Biography

Francesca VERUNELLI

Francesca Verunelli studied composition with Rosario Mirigliano and piano with Stefano Fiuzzi at the Conservatorio Luigi Cherubini in Florence where she earned both diplomas summa cum laude. She concluded her studies at the Accademia Santa Cecilia, with Azio Corghi. She went on to attend IRCAM’s cursus in Composition and Computer Music.

The same year,  at La Biennale di Venezia, she was awarded the “Leone d’argento” prize.

She received commissions from important musical institutions and festivals such as IRCAM, NeueVocalsolisten Stuttgart, La Biennale di Venezia, Orchestre Philarmonique de Radio France, Milano Musica, Accentus Chamber Choir, Lucerne Symphonic Orchestra, Court-Circuit ensemble, Festival d’Aix-en-Provence, GMEM de Marseille, CIRM de Nice, the French State, the FACE Foundation, Wittener Tage für neue Kammermusik, International Contemporary Ensemble, Donaueschinger MusikTage, ECLAT, Orchestre Philharmonique du Luxembourg, Klangforum Wien, Musica Viva – Munich.

She has been composer in residence at Ircam, at GMEM of Marseille, at Casa de Velasquez (Madrid – 2015/2016) et at Villa Médicis (Académie de France à Rome – 2016/17).

The Zaïde Quartet tour – from November 2015 to August 2016 – brought her Secondo Quartetto, commission of the ECHO – Rising Stars program, in Köln, Luxembourg, Baden Baden, Barcelone, Paris, Budapest, Vienne, Hambourg, Bruxelles, Amsterdam, Birmingham, Londres, Lisbonne, Stockholm, Porto.

In October 2017 Michael Schmid premiered the first part of a 45′ cycle for player-piano and flute : Man sitting at the piano I. The second part of the cycle – Piano (without the man) sitting – having been premiered in Rome at Swimming is Saving exposition (July 2017) curated by Chiara Parisi. The third and last part of the cycle – Man sitting at the piano II, for bass-flute and player-piano – has been commissioned by Klangforum and will be premiered in 2020.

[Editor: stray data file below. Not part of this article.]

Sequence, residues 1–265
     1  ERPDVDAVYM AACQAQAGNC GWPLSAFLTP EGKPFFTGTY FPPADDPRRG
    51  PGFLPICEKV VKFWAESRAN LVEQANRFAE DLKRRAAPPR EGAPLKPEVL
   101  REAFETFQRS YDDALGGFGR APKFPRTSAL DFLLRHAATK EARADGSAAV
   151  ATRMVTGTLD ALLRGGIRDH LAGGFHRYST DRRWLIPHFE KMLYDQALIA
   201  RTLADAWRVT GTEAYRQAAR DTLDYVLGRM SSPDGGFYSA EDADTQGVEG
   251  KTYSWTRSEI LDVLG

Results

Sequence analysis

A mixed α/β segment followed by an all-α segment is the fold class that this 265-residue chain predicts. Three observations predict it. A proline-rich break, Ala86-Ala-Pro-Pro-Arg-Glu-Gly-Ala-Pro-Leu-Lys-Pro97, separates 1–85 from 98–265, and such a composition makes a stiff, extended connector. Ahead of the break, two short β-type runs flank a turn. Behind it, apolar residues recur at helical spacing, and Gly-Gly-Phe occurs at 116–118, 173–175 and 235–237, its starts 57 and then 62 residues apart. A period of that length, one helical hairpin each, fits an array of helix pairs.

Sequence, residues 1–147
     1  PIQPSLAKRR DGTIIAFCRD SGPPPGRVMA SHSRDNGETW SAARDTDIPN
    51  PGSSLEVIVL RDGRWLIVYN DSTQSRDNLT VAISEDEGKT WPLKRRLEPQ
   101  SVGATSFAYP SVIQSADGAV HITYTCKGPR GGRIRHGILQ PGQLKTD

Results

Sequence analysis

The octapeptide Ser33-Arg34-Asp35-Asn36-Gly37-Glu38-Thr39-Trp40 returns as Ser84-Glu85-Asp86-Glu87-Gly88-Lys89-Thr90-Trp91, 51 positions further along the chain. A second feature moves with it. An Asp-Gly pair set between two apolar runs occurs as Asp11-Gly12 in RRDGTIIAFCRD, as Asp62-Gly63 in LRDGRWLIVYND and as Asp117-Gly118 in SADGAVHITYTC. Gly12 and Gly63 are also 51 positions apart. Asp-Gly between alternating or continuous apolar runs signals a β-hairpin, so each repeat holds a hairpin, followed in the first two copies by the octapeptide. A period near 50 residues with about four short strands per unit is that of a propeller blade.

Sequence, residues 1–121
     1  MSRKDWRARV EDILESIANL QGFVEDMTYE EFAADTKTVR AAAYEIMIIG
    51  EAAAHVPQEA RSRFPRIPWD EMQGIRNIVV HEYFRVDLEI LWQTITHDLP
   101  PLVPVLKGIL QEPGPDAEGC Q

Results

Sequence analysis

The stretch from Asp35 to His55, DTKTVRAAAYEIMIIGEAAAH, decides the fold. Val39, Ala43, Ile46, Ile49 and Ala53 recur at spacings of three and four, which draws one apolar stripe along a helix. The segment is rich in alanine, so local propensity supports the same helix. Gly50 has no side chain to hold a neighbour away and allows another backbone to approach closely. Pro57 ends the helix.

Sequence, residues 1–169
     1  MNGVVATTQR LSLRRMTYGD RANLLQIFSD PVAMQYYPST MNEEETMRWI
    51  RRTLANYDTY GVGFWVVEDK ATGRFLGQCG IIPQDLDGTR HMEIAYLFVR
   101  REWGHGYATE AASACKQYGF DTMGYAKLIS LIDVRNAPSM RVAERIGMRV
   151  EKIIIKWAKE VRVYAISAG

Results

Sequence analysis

Upcoming projects also include Tune and retune II for SWR Orchestra (Donaueschinger Musiktage) and an accordion concerto.

 

© Droits réservés

TITLE_OEUVRES

" Tune and Retune (2017-2018) "

Pour orchestre

Editions Ricordi

The poetic origins of Tune and retune go back to my very first experiences listening to an orchestra. I clearly remember the strong impression that listening to symphonic concerts for the first time made on me, when I was very little. I felt this kind of immense breath of this huge mass of sound, and I had the intense perception of it unfolding in time. I can’t express it in words, but I think that anyone who loves symphonic music can understand what I’m talking about. 

This piece is a way to remember that breath of the orchestra that’s part of my earliest memories.

From a technical point of view, the piece revolves around a big question: Can the inner temporality of sound and the semantic tempo of the musical discourse be an expression of each other?

This also has to do with a second observation, which regards timbre.

As far as I’m concerned, timbre is neither accidental nor an “effect”. It is the carrier, the vehicle for writing with temporal and poetic momentum.

Timbre does not exist outside tempo, in the same way that harmonic syntax cannot exist outside tempo.

Timbre and harmony are both part of the same thing, in that timbre has a complex (un)harmonic content – exactly like the symbolic harmonic content of a chord. It acquires “meaning” in the temporal discourse.

Classical orchestration is none other than modifying, enriching, simplifying or altering in so many possible ways the harmonic discourse, thanks to the spectral content of the elements of sound in play. Just take a look at what happens to a brass sound when it follows the indication “from ordinario to cuivré” and you’ll realize how much timbre is always a question of harmony, and thus a question of harmonic discourse, and, when it comes down to it, of tempo and form.

I wanted to push this observation to its most extreme consequences.

Francesca Verunelli